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Trading Mitch Marner is the best option if the Leafs blow up their core
By Jon Steitzer9 months ago
I have two competing viewpoints at the moment and I think they do wonders to define me as a hypocrite. The first view is that the Leafs shouldn’t move on from their core. They have a lot of available cap space to make other meaningful changes and with the Lightning and Bruins seeing their time at the top coming to an end, the path forward for the Leafs favours sticking with the loaded lineup. That makes sense.
The other point of view I have is that an $11M winger is a luxury that few teams can afford and other than in goal, the next most frivolous place to spend $11M on a single player is on the wing. When your team needs to make a significant change of direction starting with the $11M winger seems like a good place to start.
There, my hypocrisy has been established and now I feel we can move forward with a meaningful discussion about why the Leafs will or will not trade Mitch Marner.
Let’s start with the outrage associated with the Leafs coming out of the playoffs. This is pretty much an annual thing and it often transitions from blow it up, they need to be tougher and meaner to an acceptance of good teams lose too, and by October everyone is happy to run it back with the core and the narrative around Marner not showing up in the playoffs is replaced with a quick glance at 14 points in 11 games and clearly everyone saying he was bad is an idiot. Of course, you are very smart and will know that he only had points in two games in the Florida series, and only had goals in two games total. There is also something to be said for the eroding defensive play in the postseason and his legacy of making one move too many throughout the month of May.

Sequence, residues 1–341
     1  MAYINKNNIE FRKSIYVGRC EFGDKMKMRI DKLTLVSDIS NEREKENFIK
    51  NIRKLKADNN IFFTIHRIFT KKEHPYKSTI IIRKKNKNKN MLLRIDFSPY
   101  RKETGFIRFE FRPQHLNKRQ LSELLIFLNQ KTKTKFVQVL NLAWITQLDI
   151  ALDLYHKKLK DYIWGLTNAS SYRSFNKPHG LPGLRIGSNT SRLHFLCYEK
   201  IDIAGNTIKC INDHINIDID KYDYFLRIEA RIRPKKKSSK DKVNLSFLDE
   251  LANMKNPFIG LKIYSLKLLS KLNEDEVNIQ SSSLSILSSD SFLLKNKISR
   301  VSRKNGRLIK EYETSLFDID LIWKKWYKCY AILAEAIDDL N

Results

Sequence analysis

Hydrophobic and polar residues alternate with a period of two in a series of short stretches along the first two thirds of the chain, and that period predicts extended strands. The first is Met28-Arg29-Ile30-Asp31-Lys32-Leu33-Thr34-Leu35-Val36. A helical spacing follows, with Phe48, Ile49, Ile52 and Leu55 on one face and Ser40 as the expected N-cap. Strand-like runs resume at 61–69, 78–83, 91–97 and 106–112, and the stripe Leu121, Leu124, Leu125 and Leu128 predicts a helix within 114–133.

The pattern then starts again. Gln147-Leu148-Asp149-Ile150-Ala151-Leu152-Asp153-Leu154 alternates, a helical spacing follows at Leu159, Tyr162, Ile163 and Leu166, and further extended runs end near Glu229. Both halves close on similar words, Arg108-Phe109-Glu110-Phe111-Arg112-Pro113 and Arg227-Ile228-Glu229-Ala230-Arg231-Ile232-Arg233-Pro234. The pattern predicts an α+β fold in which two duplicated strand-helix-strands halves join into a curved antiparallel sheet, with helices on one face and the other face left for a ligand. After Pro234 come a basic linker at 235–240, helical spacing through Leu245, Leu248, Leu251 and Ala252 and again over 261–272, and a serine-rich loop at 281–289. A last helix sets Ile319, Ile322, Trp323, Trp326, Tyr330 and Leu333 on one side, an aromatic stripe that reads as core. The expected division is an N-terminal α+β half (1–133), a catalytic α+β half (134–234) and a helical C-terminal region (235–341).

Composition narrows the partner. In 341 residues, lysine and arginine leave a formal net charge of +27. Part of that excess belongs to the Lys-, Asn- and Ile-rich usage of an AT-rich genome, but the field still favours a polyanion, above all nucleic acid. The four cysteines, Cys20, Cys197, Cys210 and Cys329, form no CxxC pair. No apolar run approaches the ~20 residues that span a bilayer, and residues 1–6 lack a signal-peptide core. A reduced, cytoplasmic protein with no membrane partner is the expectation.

Anyway, that’s how we’ve come to talk about blowing it up and specifically Mitch Marner moving. The faults that people have with Auston Matthews may or may not be valid, but an elite level goal scoring center is someone you accept a few warts with more than a smaller, nearly equally expensive winger. Matthews isn’t moving. Tavares has the full no movement clause and he isn’t going anywhere either, end of story. William Nylander is the other player that will be explored in the same regard as Mitch Marner, but when you trade a $6.9M winger in your top six, you probably are going to spend around $6M backfilling him with a less good winger. You trade an $11M winger from your top six, and suddenly you are backfilling him with a downgraded $6M winger, but you also have picked up $5M in cap space to put towards that Tyler Bertuzzi type of forward you’ve had your eye on. You might be downgrading from a 99 point player to a 70 point player, but you also have money left over to upgrade from Alex Kerfoot’s 32 points to potentially a 65 point option.
Like I said, I’m a hypocrite, and it seems strange to me being back to beating the trade Marner drum when this regular season more than any other was when I came to appreciate what a special player Marner is. His takeaway ability is generational. He can grab the puck in transition and quickly turn it into a high probability scoring chance for the Leafs. His passing is unmatched and a lot of the success that Tavares and Matthews have had can be attributed to an elite set up guy. Marner is so much more than a sudden stop and turn on the wall followed by a pass to the middle of the ice. That said, he’s still $11M.